Footnotes

Presented in abstract form on 1/29/09 at the 2009 annual meeting of the Society for Maternal-Fetal Medicine in San Diego, CA.

Publisher's Disclaimer: This is a PDF file of an unedited that has been for publication. As a service to our customers we are providing this early version of the. The will undergo copyediting, typesetting, and review of the resulting proof before it is published in its final citable form. Please note that during the production process errors may be discovered which could affect the content, and all legal disclaimers that apply to the journal pertain.

References

1. Owen J, Iams JD, Hauth JC. Vaginal sonography and cervical incompetence. Am J Obstet Gynecol. 2003;188:586–96. [PubMed]
2. Spong CY. Prediction and prevention of recurrent spontaneous preterm birth. Obstet Gynecol. 2007;110:405–415. [PubMed]
3. McDonald IA. Suture of the cervix for inevitable miscarriage. J Obstet Gynecol Br Empire. 1957;64:346–53. [PubMed]
4. Cromblehome WR, Minkooff HL, Delke I, Schwarz RH. Cervical cerclage: An aggressive approach to threatened or recurrent pregnancy wastage. Am J Obstet Gynecol. 1983;146:168–74. [PubMed]
5. Iams JD, Goldenberg RL, Meis PJ, Mercer BM, Moawad A, Das A, Thom E, McNellis D, Copper RL, Johnson F, Roberts JM. for the National Institute of Child Health and Human Development Maternal Fetal Medicine Unit Network. The length of the cervix and the risk of spontaneous premature delivery. N Engl J Med. 1996;334:567–72. [PubMed]
6. Heath VCF, Southall TR, Souka AP, Elliseou A, Nicolaides KH. Cervical length at 23 weeks of gestation: Prediction of spontaneous preterm delivery. Ultrasound Obstet Gynecol. 1998;12:312–7. [PubMed]
7. Heath VCF, Souka AP, Erasmus I, Gibb DMF, Nicolaides KH. Cervical length at 23 weeks of gestation: The value of Shirodkar suture for the short cervix. Ultrasound Obstet Gynecol. 1998;12:318–22. [PubMed]
8. Berghella V, Daly SF, Tolosa JE, DiVito MM, Chalmers R, Gorg N, Bhullar A, Wapner RJ. Prediction of preterm delivery with transvaginal ultrasonography of the cervix in patients with high-risk pregnancies: Does cerclage prevent prematurity? Am J Obstet Gynecol. 1999;181:809–15. [PubMed]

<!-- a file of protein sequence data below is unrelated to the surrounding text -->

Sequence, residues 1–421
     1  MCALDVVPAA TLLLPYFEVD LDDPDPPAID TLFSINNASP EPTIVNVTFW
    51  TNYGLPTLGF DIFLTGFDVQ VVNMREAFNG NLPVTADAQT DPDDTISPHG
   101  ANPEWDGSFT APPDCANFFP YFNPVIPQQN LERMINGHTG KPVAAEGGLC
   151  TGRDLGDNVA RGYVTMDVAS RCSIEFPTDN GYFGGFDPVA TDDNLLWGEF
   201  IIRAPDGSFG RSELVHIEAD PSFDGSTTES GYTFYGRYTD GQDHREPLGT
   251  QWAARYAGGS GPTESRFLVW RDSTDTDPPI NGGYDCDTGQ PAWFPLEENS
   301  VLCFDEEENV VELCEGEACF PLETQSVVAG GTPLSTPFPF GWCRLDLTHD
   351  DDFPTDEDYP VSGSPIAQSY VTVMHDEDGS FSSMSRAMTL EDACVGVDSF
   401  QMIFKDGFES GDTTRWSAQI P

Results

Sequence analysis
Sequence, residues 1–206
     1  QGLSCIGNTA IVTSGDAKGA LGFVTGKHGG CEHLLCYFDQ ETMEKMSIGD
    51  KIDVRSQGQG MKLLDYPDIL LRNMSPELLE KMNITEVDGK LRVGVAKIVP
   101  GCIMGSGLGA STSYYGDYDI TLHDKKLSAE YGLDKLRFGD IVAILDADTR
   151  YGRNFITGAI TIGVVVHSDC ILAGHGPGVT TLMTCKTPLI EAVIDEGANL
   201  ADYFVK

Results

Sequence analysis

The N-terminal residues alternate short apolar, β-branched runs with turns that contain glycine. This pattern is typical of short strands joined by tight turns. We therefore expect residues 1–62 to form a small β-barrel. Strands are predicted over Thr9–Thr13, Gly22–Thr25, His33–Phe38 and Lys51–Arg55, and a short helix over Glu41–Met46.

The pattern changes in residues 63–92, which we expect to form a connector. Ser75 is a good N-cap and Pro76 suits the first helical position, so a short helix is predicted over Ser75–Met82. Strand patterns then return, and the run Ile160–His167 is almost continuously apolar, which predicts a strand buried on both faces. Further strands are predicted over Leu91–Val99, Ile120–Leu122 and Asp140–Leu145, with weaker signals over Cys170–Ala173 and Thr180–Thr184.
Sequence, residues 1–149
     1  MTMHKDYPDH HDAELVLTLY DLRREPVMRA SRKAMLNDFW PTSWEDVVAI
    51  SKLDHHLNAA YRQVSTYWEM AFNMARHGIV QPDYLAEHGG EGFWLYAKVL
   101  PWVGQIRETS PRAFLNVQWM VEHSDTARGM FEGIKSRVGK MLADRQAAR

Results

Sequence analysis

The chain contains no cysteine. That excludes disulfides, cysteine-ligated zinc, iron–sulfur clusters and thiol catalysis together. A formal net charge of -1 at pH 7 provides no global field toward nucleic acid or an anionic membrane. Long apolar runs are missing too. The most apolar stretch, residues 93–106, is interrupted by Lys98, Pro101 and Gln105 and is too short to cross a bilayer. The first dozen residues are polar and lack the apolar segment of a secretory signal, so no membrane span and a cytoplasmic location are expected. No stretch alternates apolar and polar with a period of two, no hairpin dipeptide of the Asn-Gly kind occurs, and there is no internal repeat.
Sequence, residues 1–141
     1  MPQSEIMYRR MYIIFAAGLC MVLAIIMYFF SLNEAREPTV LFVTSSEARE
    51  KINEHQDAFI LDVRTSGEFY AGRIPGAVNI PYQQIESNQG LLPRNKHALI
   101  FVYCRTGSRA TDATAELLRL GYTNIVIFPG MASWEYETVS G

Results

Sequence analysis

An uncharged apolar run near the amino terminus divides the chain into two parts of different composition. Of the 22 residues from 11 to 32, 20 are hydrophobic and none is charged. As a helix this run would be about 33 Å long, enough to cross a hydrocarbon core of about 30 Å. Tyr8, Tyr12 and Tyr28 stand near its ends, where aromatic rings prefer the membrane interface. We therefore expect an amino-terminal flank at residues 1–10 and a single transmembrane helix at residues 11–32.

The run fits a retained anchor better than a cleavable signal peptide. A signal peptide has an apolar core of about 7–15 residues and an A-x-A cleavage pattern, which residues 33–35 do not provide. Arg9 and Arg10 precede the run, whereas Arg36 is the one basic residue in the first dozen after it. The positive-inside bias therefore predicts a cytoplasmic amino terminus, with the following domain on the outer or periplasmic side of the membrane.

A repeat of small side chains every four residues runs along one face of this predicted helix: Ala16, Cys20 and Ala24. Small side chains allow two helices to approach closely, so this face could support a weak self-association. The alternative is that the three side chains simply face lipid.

9. Hassan SS, Romero R, Maymon E, Berry SM, Blackwell SC, Treadwell MC, Tomlinson M. Does cervical cerclage prevent preterm delivery in patients with a short cervix? Am J Obstet Gynecol. 2001;184:1325–31. [PubMed]
10. Rust OA, Atlas RO, Reed J, van Gaalen J, Balducci J. Revisiting the short cervix detected by transvaginal ultrasound in the second trimester: Why cerclage may not help. Am J Obstet Gynecol. 2001;185:1098–1105. [PubMed]
11. Berghella V, Odibo AO, Tolosa JE. Cerclage for prevention of preterm birth in women with a short cervix found on transvaginal ultrasound: A randomized trial. Am J Obstet Gynecol. 2004;191:1311–7. [PubMed]
12. To MS, Alfirevic Z, Heath VCF, Cicero S, Cacho AM, Williamson PR, Nicolaides KH. on behalf of the Fetal Medicine Foundation Second Trimester Screening Group. Cervical cerclage for prevention of preterm delivery in women with short cervix: randomised controlled trial. Lancet. 2004;363:1849–53. [PubMed]
13. Althuisius SM, Dekker GA, Hummel P, Bekedam DJ, van Geijn HP. Final results of the cervical incompetence prevention randomized cerclage trial (CIPRACT): Therapeutic cerclage with bed rest versus bed rest alone. Am J Obstet Gynecol. 2001a;185:1106–12. [PubMed]
14. Berghella V, Odibo AO, To MS, Rust OA, Althuisius SM. Cerclage for Short Cervix on Ultrasonography, Meta-Analysis of Trials Using Individual Patient-Level Data. Obstet Gynecol. 2005;106(1):181–9. [PubMed]
15. Romero R, Espinoza J, Erez O, Hassan S. The role of cerclage in obstetric practice: can the patient who could benefit from this procedure be identified? Am J Obstet Gynecol. 2006;194:1–9. [PubMed]
16. Alfirevic Z. Cerclage: we all know how to do it but can’t agree when to do it. Obstet Gynecol. 2006;107:219–20. [PubMed]
17. Owen J, Yost N, Berghella V, Thom E, Swain M, Dildy GA, Miodovnik M, Langer D, Sibai BM, McNellis D. for the National Institute for Child Health and Human Development Maternal Fetal Medicine Unit Network. Mid-trimester endovaginal sonography in women at high risk for spontaneous preterm birth. JAMA. 2001;286:1340–8. [PubMed]
18. Owen J, Yost N, Berghella V, et al. Can shortened mid-trimester cervical length predict very early spontaneous preterm birth? Am J Obstet Gynecol. 2004;191:298–303. [PubMed]
19. Iams JD, Johnson FF, Sonek J, Sachs L, Gebauer C, Samuels P. Cervical competence as a continuum: A study of ultrasonographic cervical length and obstetric performance. Am J Obstet Gynecol. 1995;172:1097–106. [PubMed]
20. Meis PJ, Klebanoff M, Thom E, Dombrowski MP, Sibai B, Moawad AH, et al. Prevention of recurrent preterm birth by 17 alpha-hydroxyprogesterone caproate. NEJM. 2003;348:2379–85. [PubMed]
21. Jones G. The weak cervix: Failing to keep the baby in or infection out? Br J Obstet and Gynaecol. 1998;105:1214–5. [PubMed]
22. Szychowski JM, Owen J, Hankins G, et al. Timing of mid-trimester cervical length shortening in high-risk women. Ultrasound Obstet Gynecol. 2009;33:70–5. [PMC free article] [PubMed]